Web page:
By Raul P. Lima, Executive Vice President, Clinical Operations, inSeption Group
A traditional regulatory pathway requires being able to accurately describe the normal clinical course of the disease. This can be difficult with rare diseases because existing academic data is incomplete and/or poorly controlled. Moreover, data rarely exists that is relevant to specific, high-sensitivity endpoints needed for a gene therapy study.
Clinical trial researchers not only need to understand the course of the disease broadly, they need to understand how measurements should be interpreted throughout the course of that disease. But, while clinical trial researchers have access to a wealth of tests and equipment, practicing physicians generally do not hook up patients to finely tuned instrumentation or require patients to fill out numerous patient-reported outcome (PRO) forms.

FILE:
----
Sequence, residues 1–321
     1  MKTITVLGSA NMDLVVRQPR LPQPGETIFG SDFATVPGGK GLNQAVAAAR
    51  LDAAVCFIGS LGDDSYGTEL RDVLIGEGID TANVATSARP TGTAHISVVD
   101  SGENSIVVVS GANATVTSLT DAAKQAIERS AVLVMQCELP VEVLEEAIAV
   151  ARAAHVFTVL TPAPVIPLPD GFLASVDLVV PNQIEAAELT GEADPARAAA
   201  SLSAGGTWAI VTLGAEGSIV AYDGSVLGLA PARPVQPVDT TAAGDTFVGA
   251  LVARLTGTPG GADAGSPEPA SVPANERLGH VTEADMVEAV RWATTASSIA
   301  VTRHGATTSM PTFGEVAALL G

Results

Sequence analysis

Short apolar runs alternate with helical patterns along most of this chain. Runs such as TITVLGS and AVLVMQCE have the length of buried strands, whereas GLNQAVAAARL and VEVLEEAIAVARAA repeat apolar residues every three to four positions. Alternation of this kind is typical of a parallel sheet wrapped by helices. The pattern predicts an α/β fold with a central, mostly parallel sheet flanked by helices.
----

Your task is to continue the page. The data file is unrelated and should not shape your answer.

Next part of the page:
It is critical to consider the benefits and impacts of an NHS as early as possible. Considering it early allows it to be in the funding plan. This has many benefits to the program as whole, including collecting important contextual data that may not exist, taking a dry-run of the expected clinical study visits, testing deployment of sensitive equipment, and testing endpoint sensitivity.